Monday, August 25, 2014

Computer Architecture - How To?

Some time ago I remember asking a more senior team member: how does one learn about how hardware operates on the low level? I was answered that this could be learned only from practice.
While I don't think that this is a completely invalid approach - since practical experience is always more valuable than a raw theory - I was searching for some theoretical basis I could get before diving into practice. I think I have something now what I can recommend.
Firstly, there is this course on hardware architecture, which is really good:
Beware though, it is a grad-level course, so the level is really very demanding. You should know what are caches, associativity, memory hierarchy etc. They recommend the following book:
I really recommend you start reading it from appendix, which serves a sort of a primer. The book is also very up-to-date, even more than the course itself.
The second book recommended ( provides a lot of low-level details on reservation stations/register renaming, very in-depth on a pair of particular architectures, and a comprehensive description of branch prediction algorithms. Despite it has been just republished, it is a bit outdated (e.g., Intel P6 microarchitecture is used as example), so it is really up to you to buy or to pass.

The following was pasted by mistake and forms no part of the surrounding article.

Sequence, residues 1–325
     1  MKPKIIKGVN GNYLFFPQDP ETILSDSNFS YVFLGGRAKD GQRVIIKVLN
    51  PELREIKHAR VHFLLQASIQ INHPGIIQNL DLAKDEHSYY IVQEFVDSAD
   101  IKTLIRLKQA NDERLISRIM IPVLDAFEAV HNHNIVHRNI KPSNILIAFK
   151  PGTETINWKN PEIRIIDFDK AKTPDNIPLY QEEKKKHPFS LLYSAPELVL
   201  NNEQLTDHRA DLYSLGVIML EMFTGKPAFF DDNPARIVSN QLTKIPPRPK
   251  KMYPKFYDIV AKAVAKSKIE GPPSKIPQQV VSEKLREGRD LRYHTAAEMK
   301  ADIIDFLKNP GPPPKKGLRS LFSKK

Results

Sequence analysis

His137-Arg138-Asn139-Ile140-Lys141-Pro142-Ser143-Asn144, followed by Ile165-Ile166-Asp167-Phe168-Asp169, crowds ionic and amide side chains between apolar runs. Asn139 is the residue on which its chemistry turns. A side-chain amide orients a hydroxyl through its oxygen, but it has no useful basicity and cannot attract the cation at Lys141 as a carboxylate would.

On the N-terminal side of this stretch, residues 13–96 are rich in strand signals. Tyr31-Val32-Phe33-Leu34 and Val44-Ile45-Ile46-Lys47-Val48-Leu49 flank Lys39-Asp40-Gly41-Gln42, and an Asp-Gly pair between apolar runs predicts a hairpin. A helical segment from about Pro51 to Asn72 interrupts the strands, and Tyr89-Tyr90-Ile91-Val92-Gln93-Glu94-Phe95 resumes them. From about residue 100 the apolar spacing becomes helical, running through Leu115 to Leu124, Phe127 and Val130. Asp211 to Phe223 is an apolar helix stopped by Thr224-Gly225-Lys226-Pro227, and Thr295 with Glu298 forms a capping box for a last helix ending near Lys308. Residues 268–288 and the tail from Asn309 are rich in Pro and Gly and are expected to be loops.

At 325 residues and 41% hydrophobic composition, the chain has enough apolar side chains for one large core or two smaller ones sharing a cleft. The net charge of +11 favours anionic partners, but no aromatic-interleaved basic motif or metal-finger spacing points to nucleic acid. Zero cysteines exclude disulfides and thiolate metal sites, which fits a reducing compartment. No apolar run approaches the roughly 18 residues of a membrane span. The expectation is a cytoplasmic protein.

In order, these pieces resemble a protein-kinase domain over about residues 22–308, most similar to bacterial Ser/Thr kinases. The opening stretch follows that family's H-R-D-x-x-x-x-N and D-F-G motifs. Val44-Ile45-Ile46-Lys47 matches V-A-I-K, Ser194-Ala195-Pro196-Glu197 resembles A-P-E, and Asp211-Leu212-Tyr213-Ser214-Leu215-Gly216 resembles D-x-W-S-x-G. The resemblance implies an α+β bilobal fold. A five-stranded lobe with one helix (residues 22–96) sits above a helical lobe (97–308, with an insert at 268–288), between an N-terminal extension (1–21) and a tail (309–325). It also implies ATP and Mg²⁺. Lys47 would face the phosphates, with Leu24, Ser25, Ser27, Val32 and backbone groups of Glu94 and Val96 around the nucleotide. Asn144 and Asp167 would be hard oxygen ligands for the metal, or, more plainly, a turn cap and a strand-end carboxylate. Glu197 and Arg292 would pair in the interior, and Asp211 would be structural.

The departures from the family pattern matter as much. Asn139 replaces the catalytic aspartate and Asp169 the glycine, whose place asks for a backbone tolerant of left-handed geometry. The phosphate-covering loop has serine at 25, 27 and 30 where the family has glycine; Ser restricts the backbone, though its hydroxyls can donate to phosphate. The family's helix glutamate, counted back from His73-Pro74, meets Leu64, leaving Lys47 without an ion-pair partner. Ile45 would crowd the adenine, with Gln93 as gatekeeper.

I hope this has been helpful, and as previously, feel free to comment and discuss.


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    1. Thanks, Nick!
      Throughout the course the author refers often to electronic concepts, such as gates and multiplexers, so I guess this one would be a good primer

    2. Sorry, I've accidentally deleted the original comment :(
      It was: "And for the laymen/beginners, there's a really, really well-written book about architecture, considered a geek's "classic" by coders and non-coders alike: "Code" by Charles Petzold "